Russia's deputy foreign minister has brushed back suggestions that an American being held in Moscow on suspicion of spying could be exchanged for a Russian citizen.
Russia’s deputy foreign minister has brushed back suggestions that an American being held in Moscow on suspicion of spying could be exchanged for a Russian citizen. The brother of Paul Whelan, however, tells The Associated Press that he can’t help but question whether the events are connected. “You look at what’s going on and you wonder if this is just a large game of pieces being moved around,” David Whelan told the AP via Skype from Newmarket, Ontario.
“You start to wonder if all of these things are connected. But at the same time, they could just be arbitrary events.” Paul Whelan, a former U.S. Marine who also holds Canadian, British and Irish citizenship, was detained in Moscow in late December. His arrest has led to speculation that Russia could be using him to bargain for a Russian woman who has pleaded guilty to acting as a foreign agent in the United States.
Russian Deputy Foreign Minister Sergei Ryabkov said Saturday that discussing a possible swap involving Whelan and Maria Butina would be premature because Whelan hasn’t been formally charged, according to Russian news agencies. “As to the possibility of exchanges of one sort of another, it’s impossible and incorrect to consider the question now when an official charge hasn’t even been presented,” Ryabkov was quoted as saying by state news agency RIA-Novosti. “Charges will be presented in the near future,” he said, according to the Interfax agency.
Some Russian news reports earlier cited unnamed sources as saying Whelan had been indicted on espionage charges that carry a possible prison sentence of 20 years. Russian officials haven’t given details of Whelan’s suspected activities and he was initially identified only as an American. His concurrent Canadian, British and Irish citizenships became known on Friday. US Ambassador Jon Huntsman Jr. visited Whelan on Wednesday in Moscow’s Lefortovo Prison, a 130-year-old facility noted for strict conditions.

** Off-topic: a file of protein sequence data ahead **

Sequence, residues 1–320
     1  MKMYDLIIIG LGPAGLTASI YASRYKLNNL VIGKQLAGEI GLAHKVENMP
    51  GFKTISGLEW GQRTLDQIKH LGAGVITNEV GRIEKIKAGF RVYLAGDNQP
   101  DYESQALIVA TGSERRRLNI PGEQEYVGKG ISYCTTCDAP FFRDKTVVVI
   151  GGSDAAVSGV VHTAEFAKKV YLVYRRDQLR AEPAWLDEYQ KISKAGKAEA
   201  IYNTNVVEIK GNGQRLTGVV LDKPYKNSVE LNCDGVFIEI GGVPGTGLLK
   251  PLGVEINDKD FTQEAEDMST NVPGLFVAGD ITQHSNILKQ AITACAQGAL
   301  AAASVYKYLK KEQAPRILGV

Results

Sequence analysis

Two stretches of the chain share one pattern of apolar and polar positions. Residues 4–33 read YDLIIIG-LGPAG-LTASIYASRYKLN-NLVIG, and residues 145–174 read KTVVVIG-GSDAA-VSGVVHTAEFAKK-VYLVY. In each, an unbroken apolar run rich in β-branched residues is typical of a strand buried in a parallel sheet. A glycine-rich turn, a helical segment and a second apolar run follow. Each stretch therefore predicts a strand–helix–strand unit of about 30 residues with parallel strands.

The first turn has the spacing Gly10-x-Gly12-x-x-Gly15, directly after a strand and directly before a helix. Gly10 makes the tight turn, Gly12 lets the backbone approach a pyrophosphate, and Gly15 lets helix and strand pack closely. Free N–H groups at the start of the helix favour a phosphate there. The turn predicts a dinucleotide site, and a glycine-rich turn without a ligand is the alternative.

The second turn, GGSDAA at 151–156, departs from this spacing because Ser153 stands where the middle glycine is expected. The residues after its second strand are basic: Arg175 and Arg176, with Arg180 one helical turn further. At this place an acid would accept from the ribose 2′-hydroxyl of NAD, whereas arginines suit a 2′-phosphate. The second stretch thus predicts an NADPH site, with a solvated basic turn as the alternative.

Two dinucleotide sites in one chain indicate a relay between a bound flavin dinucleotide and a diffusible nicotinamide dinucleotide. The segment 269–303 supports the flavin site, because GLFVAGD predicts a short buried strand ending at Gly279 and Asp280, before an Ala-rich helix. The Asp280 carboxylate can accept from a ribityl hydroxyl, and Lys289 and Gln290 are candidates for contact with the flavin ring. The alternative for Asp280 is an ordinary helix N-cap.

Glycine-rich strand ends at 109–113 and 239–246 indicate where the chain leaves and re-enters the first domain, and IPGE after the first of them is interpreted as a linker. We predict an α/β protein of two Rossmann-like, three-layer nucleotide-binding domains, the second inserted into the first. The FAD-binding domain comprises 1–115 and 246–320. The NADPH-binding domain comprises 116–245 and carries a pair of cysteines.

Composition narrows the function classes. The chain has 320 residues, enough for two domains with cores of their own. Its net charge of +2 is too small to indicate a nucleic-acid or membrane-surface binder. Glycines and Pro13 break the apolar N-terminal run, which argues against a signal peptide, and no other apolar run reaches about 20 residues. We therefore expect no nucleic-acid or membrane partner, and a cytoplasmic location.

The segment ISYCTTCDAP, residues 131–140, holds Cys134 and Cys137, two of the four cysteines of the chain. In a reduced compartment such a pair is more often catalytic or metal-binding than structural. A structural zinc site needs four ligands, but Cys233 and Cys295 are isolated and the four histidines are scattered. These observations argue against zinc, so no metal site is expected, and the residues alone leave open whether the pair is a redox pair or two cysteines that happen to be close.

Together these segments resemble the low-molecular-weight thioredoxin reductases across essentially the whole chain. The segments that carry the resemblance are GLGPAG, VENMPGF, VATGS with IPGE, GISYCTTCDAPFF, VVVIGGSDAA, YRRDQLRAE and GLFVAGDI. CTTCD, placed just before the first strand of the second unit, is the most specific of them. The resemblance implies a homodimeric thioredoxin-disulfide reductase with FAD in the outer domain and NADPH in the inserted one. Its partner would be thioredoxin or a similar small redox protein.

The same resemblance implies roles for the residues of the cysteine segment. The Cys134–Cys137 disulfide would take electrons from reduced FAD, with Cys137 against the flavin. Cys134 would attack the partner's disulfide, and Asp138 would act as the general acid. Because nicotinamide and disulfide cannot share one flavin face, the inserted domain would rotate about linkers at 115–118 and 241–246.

Britain, Canada and Ireland have applied for consular access to him. Whelan, 48, was discharged from the Marines for bad conduct. He works as the global security director for a U.S. automobile parts manufacturer and lives in Michigan. His family has said he was in Moscow to attend a wedding. His brother, David, told the AP that Whelan loves to travel and likes to “interact with the people in the places that he goes,” but that Whelan would be too “conspicuous” to be selected as a spy.
David Whelan said his family had had no direct contact with Paul and had received no details about the alleged espionage charges from either the Russian or U.S. governments. “He likes to go places and Russia happens to be a place where he knows people and when he’s there, he does go and visit,” David Whelan said. Paul Whelan established an account on VKontakte, a social media service similar to Facebook that is popular among Russians, which showed he had scores of contacts in Russia.
Many attended universities affiliated with the military, civil aviation or technical studies. Many share his interest in sports and firearms.
Also Saturday, the Foreign Ministry said it was seeking information about a Russian who was arrested Dec. 29 in Saipan in the Northern Mariana Islands, a United States commonwealth in the Pacific. The ministry said Sergei Makarenko was sent to Florida after his arrest and it wants consular access to him. The Saipan Tribune reported that Makarenko was indicted in 2017 in Florida for the alleged illegal shipment of military goods to Russia. Konstantin Kosachev, head of the international affairs committee of the upper house of the Russian parliament, said Makarenko’s arrest was “the latest attack on a citizen of Russia outside the frame work of international law,” Interfax reported.